Oesophageal Patients Association
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Update on my husband

Hi folks

Not been on for a while. Husband has got through his 1st cycle of chemo with very little incident - or so we thought until he went for round 2. His bloods were too low and they were concerned about his kidney function so he got sent away for the weekend, told to eat and drink more (which he was struggling to do) and we returned on Monday. Bloods were a wee bit better but they hooked him up to a drip straight away to get some fluid in to him. Chemo went ahead on Monday, but he had to stay in hospital an extra night while they pumped more fluids, salts and glucose in to him. He wasn't best pleased about that, but he knew it needed to be. I felt that the Doctors and nurses weren't listening when we were telling him he was struggling to eat and drink their reply was "chemo does that". I told god know how many people he was not sick because of the chemo he physically could not get food and drink passed the tumour that's taken up residency in his oesophagus!!! Was not a happy bunny, but eventually a registrar listened to what we were saying, hence the extra day in hospital.

Moral of the story if you think you're drinking enough, drink some more and then some more on top of that. He got a row, not only from me but his consultant too. Least now he know's I wasn't just being a nagging wife!!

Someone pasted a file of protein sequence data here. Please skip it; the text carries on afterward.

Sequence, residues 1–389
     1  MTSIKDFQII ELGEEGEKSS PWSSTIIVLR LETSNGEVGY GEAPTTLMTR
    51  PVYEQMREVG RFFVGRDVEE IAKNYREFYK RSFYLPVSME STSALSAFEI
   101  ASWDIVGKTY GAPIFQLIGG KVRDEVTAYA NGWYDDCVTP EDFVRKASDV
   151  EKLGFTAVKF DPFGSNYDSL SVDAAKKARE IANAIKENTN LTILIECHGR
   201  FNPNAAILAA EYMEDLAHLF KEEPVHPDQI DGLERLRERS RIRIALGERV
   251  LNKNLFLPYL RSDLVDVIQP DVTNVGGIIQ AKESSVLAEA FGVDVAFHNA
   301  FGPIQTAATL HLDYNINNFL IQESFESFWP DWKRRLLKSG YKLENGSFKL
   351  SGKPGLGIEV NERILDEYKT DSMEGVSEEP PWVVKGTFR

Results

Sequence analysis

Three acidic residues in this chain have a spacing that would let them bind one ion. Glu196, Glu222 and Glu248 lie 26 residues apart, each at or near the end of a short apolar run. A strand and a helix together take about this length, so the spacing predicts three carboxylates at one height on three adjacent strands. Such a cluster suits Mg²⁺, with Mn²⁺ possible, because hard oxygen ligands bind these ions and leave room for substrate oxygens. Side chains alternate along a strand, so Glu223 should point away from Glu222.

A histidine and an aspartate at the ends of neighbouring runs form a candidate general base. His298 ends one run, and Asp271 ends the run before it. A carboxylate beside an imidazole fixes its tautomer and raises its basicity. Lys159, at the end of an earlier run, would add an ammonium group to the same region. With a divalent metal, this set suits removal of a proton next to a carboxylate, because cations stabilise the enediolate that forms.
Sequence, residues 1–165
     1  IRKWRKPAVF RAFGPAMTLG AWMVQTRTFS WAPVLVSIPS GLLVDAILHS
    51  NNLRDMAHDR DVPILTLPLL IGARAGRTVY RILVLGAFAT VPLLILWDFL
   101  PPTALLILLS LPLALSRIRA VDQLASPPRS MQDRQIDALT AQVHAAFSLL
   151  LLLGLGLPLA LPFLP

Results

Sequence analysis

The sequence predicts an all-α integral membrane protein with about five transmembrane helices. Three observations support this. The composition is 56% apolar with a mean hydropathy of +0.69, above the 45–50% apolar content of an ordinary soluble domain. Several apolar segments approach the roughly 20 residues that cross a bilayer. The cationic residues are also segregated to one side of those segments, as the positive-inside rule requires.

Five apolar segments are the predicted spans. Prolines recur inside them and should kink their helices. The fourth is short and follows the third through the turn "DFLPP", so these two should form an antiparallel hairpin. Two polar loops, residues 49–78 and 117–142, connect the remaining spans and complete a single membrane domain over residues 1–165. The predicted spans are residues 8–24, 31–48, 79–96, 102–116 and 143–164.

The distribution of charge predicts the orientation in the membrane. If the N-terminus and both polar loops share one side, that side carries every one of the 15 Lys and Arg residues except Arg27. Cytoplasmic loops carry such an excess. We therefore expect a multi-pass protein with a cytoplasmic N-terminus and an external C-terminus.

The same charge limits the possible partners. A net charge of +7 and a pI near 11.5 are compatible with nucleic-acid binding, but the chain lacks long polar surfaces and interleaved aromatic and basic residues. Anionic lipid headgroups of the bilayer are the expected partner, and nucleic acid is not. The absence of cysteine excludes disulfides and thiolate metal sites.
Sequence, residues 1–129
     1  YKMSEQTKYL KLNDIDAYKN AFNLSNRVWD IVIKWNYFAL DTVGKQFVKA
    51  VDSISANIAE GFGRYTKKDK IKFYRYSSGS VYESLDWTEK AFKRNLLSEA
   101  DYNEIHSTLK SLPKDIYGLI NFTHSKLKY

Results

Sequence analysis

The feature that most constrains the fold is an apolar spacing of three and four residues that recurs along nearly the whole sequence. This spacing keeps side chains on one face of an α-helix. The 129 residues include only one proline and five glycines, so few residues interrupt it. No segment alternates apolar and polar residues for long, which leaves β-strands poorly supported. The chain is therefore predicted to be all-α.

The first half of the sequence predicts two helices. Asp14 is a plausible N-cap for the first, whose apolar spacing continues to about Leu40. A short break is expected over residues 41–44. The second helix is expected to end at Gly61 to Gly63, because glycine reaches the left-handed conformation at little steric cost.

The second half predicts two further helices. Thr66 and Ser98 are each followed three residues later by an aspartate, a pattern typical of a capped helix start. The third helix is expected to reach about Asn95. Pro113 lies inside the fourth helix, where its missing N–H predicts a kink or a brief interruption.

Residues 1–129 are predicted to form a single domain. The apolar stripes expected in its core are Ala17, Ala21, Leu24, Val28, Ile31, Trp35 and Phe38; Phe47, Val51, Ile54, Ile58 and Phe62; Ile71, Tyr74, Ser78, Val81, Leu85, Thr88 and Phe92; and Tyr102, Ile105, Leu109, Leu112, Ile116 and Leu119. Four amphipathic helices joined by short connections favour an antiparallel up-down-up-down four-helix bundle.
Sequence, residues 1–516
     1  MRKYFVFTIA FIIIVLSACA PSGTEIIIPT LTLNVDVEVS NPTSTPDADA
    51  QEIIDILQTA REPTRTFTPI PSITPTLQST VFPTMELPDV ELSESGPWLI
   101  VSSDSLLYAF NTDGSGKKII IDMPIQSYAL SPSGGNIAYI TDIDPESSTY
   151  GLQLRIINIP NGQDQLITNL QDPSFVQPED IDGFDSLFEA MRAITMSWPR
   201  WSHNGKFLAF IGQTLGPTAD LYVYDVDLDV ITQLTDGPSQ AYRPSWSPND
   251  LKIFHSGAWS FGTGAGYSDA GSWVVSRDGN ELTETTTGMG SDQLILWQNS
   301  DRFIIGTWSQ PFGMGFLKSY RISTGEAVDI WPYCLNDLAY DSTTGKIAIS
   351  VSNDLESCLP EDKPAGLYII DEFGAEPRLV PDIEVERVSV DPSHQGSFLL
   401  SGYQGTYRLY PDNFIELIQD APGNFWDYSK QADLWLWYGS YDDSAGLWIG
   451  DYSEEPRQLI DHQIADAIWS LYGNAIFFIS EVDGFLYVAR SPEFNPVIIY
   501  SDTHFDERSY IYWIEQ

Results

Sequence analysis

Anyway he got back home on Wednesday and he's been doing fantastic. He's managing to get out and about and do little chores round the house, which is helping me a great deal, I am just so, so tired all the time. But it's short term pain for long term gain so I'll suck it up and get over it :-) He's also managing to eat and drink normally again and after stamping our feet we have now been told to call the hospital the minute he starts struggling. Think the steroids are reducing the inflammation temporarily and allowing him to eat, but at least the hospital now understand this.

He's also been put on another injection called g-csf which I believe stimulates the bone marrow to produce more white blood cells and generate his own stem cells so his bloods counts don't dip and he can still fight infection

So with the slight delay in chemo it has put our finishing date out ever so slightly, just hope there are no more and we can just progress through this and get it done and dusted, however when the next cycle starts we'll be over half way which I think psychologically will be a huge milestone.

Sorry for such a long post.

Have a great weekend!!

L xx

6 Replies

Good news Lucy. I too had problems eating but about a week after my first chemo session my appetite improved. My surgeon said that this might happen as the tumour shrinks as a result of chemo.

I also had delayed chemo sessions due to poor blood results and had to self inject to raise the white blood cell levels. I think this is a common problem.

Good luck with the rest of the treatment and you take care of yourself too. My ex-husband (we are still good friends) is taking care of me and I notice that he looks very tired at times. I firmly believe that it is harder for the carer than it is for us patients.

Sending hugs to you both.

AM x



Good news. It is a very frustrating time (Chemo time). As AMLux says, the eating and drinking will often improve as the tumour reacts positively (shrinks) to the Chemotherapy. My tumour shrank by 75% through chemotherapy, and by that time I actually felt I was 'better' and that the chemo was the enemy making me ill.